In his last start before facing the Philadelphia Phillies on Tuesday night, Gio Gonzalez bounced back from a five-inning outing against the Braves in Atlanta in which he gave up seven hits and five earned runs in five innings with a seven inning start against Washington’s NL East rivals in which the Nationals’ left-hander held the Braves’ hitters to two runs of three hits, two of them home runs.
Gonzalez earned his 15th win of the season in that second start against the Braves, a 7-3 win, striking out eight batters on 104 pitches before he was done for the night.
“This time, we were attacking the strike zone, we were being more aggressive with the fastball in certain counts, then using the off-speed and curveball when I needed it,” he told reporters, as quoted by Washington Post writer Chelsea Janes after that game.
“And as far as that, Matt [Wieters], I give all the credit to him,” Gonzalez said.
“Gio stuck around long enough to get the victory,” Dusty Baker said. “He threw a pretty good game other than those two solo homers.”
Tonight in Citizens Bank Park, Gonzalez was making his third start of the season against the Phillies, after allowing three earned runs in 14 innings (1.93 ERA) in the first two.
Gonzalez worked around a two-out double in the bottom of the first, and worked his way out of a bases-loaded, two-out jam in the second, but he walked the first two batters in the Phillies’ half of the third and a one-out single to left by Tommy Joseph drove in the first batter who walked, and tied things up at 1-1.
Cameron Rupp followed with a two-run double to center that drove in the second walk on a fly ball Michael A. Taylor misjudged and couldn’t catch up to, 3-1 Phillies.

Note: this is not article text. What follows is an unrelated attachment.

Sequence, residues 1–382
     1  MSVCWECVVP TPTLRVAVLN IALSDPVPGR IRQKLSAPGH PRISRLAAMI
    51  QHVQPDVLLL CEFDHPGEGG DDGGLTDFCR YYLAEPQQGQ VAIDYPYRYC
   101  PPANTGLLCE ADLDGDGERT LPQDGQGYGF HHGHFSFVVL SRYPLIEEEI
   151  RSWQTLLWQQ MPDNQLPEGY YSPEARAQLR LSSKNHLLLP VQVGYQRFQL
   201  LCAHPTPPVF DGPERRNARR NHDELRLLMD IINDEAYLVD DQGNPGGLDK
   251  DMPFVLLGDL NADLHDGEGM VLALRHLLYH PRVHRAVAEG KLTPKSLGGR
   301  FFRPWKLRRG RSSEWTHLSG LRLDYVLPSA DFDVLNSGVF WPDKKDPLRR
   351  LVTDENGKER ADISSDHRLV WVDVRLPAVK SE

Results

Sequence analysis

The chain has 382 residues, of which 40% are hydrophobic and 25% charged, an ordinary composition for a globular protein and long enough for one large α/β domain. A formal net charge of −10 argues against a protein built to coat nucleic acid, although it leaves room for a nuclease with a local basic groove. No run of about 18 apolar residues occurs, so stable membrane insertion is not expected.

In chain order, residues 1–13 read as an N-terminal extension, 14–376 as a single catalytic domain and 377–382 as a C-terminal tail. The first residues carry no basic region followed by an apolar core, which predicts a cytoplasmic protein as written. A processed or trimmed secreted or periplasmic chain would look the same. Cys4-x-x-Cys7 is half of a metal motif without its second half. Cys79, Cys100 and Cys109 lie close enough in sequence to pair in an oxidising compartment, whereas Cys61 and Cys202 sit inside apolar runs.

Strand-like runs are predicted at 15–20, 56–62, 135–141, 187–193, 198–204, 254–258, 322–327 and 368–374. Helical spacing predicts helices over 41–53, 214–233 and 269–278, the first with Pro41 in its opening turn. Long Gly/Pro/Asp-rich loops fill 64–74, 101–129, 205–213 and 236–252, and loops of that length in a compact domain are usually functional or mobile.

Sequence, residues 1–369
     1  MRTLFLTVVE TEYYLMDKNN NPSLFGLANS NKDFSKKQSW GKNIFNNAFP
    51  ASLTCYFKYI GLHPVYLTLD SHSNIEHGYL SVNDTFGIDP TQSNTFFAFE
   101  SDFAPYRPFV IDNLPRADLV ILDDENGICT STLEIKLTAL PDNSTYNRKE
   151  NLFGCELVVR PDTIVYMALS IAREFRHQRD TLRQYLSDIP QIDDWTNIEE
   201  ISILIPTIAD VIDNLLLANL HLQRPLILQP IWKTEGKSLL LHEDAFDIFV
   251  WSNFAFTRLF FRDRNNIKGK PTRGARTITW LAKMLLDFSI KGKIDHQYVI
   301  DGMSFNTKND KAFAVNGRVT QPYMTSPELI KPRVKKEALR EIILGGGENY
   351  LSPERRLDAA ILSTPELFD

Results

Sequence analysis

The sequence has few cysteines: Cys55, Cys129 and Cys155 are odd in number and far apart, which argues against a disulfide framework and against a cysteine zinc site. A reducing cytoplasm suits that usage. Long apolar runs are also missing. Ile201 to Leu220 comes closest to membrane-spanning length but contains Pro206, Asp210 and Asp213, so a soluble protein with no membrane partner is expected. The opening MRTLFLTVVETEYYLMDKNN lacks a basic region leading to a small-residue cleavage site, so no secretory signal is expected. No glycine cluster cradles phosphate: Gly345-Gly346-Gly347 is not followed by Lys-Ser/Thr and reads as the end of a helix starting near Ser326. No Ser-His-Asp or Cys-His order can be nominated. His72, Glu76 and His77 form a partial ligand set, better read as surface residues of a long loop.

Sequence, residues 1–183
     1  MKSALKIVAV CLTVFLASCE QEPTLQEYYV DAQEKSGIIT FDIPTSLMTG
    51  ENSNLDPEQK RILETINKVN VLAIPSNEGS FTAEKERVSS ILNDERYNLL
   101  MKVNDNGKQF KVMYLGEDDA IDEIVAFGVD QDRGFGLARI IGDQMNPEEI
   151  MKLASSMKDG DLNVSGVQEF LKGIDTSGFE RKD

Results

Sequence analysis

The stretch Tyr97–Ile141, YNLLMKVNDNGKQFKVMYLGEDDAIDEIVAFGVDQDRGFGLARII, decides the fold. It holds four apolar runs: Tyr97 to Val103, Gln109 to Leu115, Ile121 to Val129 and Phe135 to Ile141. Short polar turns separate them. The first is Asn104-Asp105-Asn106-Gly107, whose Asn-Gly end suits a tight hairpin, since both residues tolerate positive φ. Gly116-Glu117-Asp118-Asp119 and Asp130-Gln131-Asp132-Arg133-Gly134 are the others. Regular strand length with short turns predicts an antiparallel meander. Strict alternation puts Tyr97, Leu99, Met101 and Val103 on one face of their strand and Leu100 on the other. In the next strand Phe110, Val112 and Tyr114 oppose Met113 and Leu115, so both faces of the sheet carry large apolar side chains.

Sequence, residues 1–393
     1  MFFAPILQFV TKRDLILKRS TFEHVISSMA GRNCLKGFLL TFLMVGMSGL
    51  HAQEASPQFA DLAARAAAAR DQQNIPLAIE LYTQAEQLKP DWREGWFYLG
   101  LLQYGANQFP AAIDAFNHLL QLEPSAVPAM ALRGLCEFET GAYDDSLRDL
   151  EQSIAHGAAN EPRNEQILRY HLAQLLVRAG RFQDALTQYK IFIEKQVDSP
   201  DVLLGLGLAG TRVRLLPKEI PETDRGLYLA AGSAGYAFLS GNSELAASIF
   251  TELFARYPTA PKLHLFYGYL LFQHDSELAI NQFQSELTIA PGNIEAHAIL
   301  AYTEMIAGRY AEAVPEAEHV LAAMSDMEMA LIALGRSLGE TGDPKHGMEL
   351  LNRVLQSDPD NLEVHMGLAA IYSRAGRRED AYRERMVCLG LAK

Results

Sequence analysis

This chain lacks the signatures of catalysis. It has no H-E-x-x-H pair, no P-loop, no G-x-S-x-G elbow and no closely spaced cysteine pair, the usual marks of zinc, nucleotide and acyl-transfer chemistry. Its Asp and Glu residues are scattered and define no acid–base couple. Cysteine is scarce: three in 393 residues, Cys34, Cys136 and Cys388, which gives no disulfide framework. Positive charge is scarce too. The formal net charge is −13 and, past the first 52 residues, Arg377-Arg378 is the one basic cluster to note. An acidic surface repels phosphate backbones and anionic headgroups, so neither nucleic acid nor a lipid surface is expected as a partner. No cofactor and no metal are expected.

Gonzalez worked around a two-out single in the fourth, and another leadoff walk in the Phillies’ fifth in what ended up a 25-pitch inning that ended his outing.
• Gio Gonzalez’s Line: 5.0 IP, 5 H, 3 R, 3 ER, 5 BB, 7 Ks, 109 P, 55 S, 2/2 GO/FO.
“He had a lot of near misses,” Baker told reporters after what ended up a 4-1 loss to the Phillies.
Gonzalez threw just 12 of 30 curves for strikes (40%), though he did get 10 swings and five swinging strikes with the curveball, and he threw 16 of 36 two-seamers for strikes, (44%), and 10 of 22 changeups (45.5%).
“There were some pitches ... it is what it is,” Gonzalez said, as quoted by MASN’s Byron Kerr.
“I should’ve done a better job of attacking the strike zone. If I was more in the strike zone, I think it would’ve been a different outcome.”
“His breaking ball was backing up and backing up out of the zone, and then usually his fastball inside he can command it for strikes but he was just missing tonight.”